An NSF fellow, alumna works to eliminate mental health stigmas

Recent graduate Gabriela Goldberg ’16 has always been fascinated by the human brain, so she decided to dedicate her life to understanding it.

Goldberg, who received her bachelor’s in chemistry, was awarded the National Science Foundation Graduate Research Fellowship (NSF GRFP) in 2017 to conduct research in neuroscience. One of only 2,000 students nationwide to receive the prestigious fellowship, she joins two other FIU students in that honor – Claire Scott-Bacon and Marcella Jaramillo. Goldberg will pursue her Ph.D. at the University of California San Diego this fall.

In early 2016, Goldberg applied to the Summer Research Training Program of the University of California San Francisco and was accepted. As part of the program, she moved to California and spent her summer working in a neurobiology lab that focuses on neurodevelopment and mental illnesses. While there she served as a research assistant and studied a genetic mutation of the CHD8 gene, one that is thought to be mutated in a subgroup of autistic patients.

“It’s believed to be a form of autism, but nobody really knows why it happens,” she said.

Goldberg worked with mice that had this mutation and studied their brain structures and neurons. The goal was to see if the neurons or connections between neurons looked different or functioned differently from normal neurons. She and the team came to the observatory conclusion that, in fact, the mice with the mutation had neurons that looked different.

Ten weeks later, Goldberg returned home and immediately was driven to find a way to return to California and continue her research. This led her to apply for the NSF GRFP.

“It’s the stepping stone to really understanding these diseases. It’s something that has been a taboo for so long that people haven’t really studied it. There hasn’t been a lot of funding for it, and it’s gone under the radar. Now we’re looking more at this, and we’re wanting to understand what’s the underlying cause of [mental illness],” she said.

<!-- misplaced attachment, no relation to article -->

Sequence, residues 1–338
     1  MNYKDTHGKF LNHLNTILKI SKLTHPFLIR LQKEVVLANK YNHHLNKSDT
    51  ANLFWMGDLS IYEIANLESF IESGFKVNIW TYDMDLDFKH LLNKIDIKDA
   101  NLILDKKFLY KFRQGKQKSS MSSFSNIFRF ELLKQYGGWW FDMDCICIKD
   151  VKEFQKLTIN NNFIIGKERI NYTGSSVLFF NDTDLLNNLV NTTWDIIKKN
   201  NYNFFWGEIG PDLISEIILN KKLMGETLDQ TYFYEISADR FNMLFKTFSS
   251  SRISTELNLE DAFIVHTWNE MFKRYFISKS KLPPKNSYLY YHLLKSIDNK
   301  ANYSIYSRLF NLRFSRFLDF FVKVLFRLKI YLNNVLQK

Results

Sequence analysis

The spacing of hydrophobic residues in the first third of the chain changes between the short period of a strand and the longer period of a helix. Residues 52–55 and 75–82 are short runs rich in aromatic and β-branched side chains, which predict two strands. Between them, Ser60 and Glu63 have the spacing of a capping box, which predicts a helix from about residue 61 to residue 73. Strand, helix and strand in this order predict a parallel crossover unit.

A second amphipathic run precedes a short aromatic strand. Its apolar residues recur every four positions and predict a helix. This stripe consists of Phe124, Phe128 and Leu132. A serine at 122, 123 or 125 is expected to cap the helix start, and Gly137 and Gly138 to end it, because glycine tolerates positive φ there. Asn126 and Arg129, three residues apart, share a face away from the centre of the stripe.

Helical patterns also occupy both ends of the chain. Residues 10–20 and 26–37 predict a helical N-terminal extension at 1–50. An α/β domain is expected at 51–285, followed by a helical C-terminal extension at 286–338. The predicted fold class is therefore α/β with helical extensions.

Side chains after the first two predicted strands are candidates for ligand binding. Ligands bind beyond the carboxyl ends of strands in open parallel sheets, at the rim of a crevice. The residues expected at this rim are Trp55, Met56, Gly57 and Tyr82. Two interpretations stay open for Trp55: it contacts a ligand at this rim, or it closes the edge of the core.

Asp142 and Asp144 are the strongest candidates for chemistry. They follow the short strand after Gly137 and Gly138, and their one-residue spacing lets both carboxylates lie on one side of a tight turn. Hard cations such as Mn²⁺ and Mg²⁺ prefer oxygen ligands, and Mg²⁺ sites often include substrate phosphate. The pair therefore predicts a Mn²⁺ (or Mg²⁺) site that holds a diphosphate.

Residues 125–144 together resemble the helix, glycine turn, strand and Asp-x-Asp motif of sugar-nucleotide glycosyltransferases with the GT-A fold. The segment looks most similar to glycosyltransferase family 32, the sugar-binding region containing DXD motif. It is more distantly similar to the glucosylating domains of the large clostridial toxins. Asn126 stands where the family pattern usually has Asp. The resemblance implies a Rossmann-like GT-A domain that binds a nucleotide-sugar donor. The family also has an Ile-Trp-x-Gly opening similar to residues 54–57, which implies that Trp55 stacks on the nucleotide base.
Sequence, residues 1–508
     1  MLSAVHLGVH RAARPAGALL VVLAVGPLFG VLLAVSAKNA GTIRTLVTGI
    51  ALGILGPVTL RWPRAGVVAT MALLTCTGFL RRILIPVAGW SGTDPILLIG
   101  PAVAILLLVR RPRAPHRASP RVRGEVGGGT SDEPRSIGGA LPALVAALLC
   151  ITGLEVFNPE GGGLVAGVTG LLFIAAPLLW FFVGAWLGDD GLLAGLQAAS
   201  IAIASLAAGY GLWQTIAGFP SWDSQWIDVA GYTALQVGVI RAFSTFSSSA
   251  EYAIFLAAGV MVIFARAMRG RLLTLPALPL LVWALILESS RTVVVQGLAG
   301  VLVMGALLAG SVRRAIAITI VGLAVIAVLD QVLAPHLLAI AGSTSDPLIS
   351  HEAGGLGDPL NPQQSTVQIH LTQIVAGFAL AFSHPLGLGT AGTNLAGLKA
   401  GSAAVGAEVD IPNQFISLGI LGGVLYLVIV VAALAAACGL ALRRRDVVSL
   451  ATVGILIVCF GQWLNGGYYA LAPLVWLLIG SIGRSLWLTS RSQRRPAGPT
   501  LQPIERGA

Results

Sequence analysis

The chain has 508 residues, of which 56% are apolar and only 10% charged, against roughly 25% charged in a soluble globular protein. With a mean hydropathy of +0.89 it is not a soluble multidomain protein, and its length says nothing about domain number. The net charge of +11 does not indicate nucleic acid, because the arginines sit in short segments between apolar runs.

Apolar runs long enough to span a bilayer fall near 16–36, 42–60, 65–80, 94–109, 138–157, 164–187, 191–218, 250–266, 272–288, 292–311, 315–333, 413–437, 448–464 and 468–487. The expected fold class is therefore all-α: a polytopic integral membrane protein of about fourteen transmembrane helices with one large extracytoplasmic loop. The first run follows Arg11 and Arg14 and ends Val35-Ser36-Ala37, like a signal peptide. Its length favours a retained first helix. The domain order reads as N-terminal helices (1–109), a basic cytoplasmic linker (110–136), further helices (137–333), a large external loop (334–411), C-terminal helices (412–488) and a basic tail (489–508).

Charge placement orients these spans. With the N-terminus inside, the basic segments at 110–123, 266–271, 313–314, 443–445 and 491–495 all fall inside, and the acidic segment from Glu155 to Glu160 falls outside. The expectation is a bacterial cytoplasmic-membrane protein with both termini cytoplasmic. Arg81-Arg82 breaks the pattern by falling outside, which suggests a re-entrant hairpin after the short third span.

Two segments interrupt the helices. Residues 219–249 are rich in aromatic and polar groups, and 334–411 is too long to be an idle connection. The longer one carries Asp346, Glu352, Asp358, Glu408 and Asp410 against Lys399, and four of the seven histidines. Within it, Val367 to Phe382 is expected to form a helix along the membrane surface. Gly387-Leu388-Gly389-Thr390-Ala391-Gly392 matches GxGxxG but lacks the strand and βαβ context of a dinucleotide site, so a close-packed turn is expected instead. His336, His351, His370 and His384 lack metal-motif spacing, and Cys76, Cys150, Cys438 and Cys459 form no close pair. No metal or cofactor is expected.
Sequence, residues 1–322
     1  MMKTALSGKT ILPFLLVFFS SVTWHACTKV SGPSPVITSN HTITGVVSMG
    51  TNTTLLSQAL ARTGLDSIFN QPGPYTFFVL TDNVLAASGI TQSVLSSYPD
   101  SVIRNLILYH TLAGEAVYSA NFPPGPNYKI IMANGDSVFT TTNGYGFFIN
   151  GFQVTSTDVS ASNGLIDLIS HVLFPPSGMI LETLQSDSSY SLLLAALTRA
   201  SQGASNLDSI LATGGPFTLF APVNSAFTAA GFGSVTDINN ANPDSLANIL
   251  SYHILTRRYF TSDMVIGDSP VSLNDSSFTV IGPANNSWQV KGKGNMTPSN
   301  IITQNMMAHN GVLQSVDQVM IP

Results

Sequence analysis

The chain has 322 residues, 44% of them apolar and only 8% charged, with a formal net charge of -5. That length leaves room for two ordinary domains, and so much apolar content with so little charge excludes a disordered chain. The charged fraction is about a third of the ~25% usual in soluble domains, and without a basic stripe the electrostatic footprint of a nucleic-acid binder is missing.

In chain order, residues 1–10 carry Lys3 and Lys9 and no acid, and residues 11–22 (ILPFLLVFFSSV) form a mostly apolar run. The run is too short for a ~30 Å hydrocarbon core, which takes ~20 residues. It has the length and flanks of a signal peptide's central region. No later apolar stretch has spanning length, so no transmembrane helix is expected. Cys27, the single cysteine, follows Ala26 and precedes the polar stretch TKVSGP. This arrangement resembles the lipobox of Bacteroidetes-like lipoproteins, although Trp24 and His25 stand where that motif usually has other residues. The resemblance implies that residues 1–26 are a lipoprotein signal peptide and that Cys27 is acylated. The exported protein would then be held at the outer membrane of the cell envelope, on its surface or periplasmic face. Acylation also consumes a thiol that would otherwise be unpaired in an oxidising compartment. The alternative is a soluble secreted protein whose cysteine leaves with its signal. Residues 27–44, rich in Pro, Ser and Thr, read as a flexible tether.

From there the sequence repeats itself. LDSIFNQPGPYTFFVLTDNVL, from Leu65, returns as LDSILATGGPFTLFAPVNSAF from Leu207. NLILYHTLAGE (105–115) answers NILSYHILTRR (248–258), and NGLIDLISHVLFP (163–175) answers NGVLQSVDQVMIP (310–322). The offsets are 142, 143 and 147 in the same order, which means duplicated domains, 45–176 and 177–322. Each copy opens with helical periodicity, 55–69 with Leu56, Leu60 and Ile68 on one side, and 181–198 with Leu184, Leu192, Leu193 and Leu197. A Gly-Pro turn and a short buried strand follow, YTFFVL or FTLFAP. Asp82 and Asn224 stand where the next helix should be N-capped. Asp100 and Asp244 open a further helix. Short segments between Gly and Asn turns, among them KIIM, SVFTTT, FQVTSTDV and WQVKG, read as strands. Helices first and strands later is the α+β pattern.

Aside from her neuroscience research, the first generation college graduate is an advocate for STEM (science, technology, education, math) education.

“I come from a background that has nothing to do with science. My mom’s an artist. I was never exposed to this type of science at an early age. I feel if I was exposed to STEM earlier on I would probably be further along in my career, or I would have more ideas that I could contribute to advancing the field,” she said. “I feel that this is my drive to give back to the community.”

Goldberg began her college career as a pre-med student at FIU with aspirations of becoming a doctor. She quickly learned she was more passionate about research and the scientific method than she was about working with patients. That’s when she decided to change her major to chemistry and fulfill a childhood dream of being a scientist.

“When I was five, I thought scientists wore lab coats and were really clean. Now, I realize that we have to be clean, but we don’t wear a lab coat all the time,” said Goldberg, laughing. “I think five-year-old me would be happy with where I am now. Kind of a little crazy that I made it.”

As an undergrad, Goldberg worked with Jeremy Chambers, formerly an assistant professor in FIU’s Department of Cellular Biology and Pharmacology who is now part of the Department of Environmental and Occupational Health at FIU’s Robert Stempel College of Public Health and Social Work.

She was most interested in projects involving neuroscience and would spend late nights in the lab learning from graduate students and post doctoral scholars, recalled Chambers.

“Gaby’s dedication to her craft is unparalleled,” he said. “I am honored to have played a small role in her career. She is a singular talent. She has the intelligence and motivation to excel in any research field she chooses. I will be monitoring Ms. Goldberg’s future successes (and I anticipate there will be many) with great interest.”